Their most critically successful piece to date is the Favela Chair, named after the Brazilian word for shanty town, which Edra launched at Milan last year and which became one of the defining products of 2003. Made of hundreds of timber offcuts, it looks as if it was thrown together by slum-dwellers and seemingly has all the rickety permanence of a squatter’s hut.

“It’s a portrait of our country, of our environment,” explains Humberto. “We’ve had a lot of influence from European colonisation, since the Portuguese arrived in Brazil, but I try to focus on the fact that we have a beautiful [indigenous] culture. It can be beautiful without copying. With the Favela chair we try to point out that favelas can be beautiful. If the government leaves the people in their houses and supplies them with water and electricity; this could be beautiful.”

Yet the chair’s appearance is misleading; it is in fact laboriously crafted from precision-cut pieces and costs £1,320. The chair is made by a German community in southern Brazil: “It’s funny because in the beginning I taught them how to make this chair,” says Humberto. “They were much more used to make the things perfect and precise and we make the opposite. I told them we must go to this direction to deconstruction; to make it imprecise and imperfect. They took a long time to understand this process.”

Despite coming from a country with huge environmental and social problems, Humberto admits there is no political dimension to their work. “Yes, you know, we try not to use tropical hardwood in our furniture. We always try to indicate other possibilities to construct furniture without cutting down trees; we use other materials like the garden-hose chair, like this chair with carpets; but we don’t have a political statement in our work, no. We are not concerned about that.”

The Campanas are clearly benefiting from the current explosion of interest in all things Brazilian. This was triggered by the election of the popular working-class president Lula last year, a thriving domestic economy and a creative export boom spanning cinema, music and architecture – although in recent months the economy has stalled and Lula’s popularity has plummeted. Kátia Lund and Fernando Meirelles’ 2003 film City of God glamorised brutal favela life and making a video in Rio is currently de rigueur for everyone from Snoop Dogg and Pharrell Williams to Michael Jackson. Even Oscar Niemeyer’s jungle modernism is back in vogue and Bebel Gilberto has singlehandedly rejuvenated bossa nova.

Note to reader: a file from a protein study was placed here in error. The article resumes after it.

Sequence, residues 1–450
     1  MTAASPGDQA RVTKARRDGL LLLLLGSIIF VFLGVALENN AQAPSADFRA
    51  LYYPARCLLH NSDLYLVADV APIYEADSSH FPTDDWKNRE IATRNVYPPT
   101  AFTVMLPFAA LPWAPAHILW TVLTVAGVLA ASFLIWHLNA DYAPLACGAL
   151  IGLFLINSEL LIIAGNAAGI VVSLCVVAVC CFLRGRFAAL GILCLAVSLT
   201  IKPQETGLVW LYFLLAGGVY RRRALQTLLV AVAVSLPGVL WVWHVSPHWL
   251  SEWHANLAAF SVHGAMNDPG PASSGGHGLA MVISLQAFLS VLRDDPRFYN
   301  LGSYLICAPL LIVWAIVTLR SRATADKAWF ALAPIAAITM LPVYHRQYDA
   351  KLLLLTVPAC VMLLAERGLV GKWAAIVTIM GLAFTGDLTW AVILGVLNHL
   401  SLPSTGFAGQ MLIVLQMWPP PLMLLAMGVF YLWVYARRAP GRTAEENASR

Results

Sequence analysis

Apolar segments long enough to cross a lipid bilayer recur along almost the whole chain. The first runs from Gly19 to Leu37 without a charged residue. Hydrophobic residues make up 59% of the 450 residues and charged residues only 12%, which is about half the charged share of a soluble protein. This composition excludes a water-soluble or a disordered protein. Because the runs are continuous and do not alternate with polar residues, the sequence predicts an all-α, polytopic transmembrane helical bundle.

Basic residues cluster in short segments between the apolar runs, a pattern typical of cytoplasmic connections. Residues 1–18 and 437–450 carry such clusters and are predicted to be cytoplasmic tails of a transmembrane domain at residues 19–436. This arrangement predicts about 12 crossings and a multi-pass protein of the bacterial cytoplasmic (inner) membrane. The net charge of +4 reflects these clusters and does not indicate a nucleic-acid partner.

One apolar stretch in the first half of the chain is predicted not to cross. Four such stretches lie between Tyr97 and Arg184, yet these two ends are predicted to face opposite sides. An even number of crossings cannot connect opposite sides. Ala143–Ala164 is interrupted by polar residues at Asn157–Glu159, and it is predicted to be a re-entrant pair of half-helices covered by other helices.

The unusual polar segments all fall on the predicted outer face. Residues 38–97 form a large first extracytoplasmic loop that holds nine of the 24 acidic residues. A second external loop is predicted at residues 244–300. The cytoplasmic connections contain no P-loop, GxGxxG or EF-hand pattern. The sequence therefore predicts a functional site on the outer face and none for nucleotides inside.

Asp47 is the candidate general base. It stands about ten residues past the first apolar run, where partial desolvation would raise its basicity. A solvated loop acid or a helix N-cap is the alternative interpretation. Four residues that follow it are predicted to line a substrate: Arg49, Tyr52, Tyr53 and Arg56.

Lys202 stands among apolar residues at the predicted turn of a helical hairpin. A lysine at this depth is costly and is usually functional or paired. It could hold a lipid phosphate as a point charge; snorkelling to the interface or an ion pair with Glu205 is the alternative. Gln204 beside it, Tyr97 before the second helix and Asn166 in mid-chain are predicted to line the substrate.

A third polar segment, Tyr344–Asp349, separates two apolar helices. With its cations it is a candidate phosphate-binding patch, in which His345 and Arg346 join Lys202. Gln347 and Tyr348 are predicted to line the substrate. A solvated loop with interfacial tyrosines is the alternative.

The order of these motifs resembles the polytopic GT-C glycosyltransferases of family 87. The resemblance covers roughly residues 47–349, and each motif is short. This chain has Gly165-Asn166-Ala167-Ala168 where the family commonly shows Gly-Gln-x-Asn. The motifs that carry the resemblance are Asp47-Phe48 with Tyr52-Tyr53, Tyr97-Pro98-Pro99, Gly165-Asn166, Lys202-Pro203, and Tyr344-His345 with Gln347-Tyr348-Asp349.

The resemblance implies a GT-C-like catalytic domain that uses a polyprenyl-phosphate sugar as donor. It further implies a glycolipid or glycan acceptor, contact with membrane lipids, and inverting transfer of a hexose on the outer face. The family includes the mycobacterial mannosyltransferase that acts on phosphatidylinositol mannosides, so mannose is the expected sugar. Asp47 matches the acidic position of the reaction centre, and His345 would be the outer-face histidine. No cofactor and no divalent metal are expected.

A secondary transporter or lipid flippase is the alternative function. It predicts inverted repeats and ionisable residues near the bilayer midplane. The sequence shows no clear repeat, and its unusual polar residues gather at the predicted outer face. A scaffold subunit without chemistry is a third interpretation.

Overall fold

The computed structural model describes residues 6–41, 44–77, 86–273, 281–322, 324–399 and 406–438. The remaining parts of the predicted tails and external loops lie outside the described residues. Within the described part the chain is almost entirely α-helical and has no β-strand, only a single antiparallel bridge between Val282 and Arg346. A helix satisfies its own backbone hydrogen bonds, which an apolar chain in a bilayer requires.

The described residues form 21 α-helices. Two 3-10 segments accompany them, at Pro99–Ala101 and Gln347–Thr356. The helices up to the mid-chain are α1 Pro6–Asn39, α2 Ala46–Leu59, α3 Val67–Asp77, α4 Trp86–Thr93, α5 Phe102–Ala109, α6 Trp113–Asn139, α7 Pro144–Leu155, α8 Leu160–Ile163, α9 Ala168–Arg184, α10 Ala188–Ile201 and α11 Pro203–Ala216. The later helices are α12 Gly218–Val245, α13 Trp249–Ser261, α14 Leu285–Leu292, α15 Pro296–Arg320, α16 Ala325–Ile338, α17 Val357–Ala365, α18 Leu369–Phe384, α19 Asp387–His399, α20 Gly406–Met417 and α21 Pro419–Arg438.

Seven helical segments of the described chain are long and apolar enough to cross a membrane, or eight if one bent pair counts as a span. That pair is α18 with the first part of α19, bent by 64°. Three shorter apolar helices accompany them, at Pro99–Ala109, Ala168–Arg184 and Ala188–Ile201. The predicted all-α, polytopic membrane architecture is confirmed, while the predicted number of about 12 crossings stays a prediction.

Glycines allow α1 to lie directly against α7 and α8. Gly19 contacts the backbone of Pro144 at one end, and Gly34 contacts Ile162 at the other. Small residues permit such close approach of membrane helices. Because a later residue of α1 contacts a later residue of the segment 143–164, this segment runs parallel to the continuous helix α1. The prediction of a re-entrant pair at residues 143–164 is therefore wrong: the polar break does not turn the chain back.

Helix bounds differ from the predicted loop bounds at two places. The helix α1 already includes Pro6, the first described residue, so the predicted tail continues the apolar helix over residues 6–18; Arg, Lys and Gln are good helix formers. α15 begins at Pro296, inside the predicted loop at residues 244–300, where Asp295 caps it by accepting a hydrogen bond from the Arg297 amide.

“We are a very rich culture; Brazil is like a continent,” says Humberto.“But we had 20 years of dictatorship. Now there has been 20 years of democracy so there is a new generation that has been free of the cultural prison of the dictatorship. In the past you know we had very good people – in the movies, the arts – and now we’re restarting all those movements that were hidden during the dictatorship.”

“There are other designers,” Fernando adds. “We opened the doors for new people and showed them that they can do it. We told them, please don’t complain that in Brazil we don’t have industries; you just need to find your own directions.”

The brothers are very much ambassadors of the new Brazil but they are concerned about becoming too identified with faddish Brazil mania. “I’m afraid of this, you know, I’m really afraid,” says Humberto. “I think our work needs to be much more strong than those trends.”

“That’s the most dangerous thing!” agrees Fernando.

“That’s why it’s good to work in Brazil; it keeps us far away.” Humberto says.

“From the contamination of design and the design community!” laughs Fernando.

Zest for Life: The Designs of Fernando and Humberto Campana is at the Design Museum, London, from June 19 to September 12.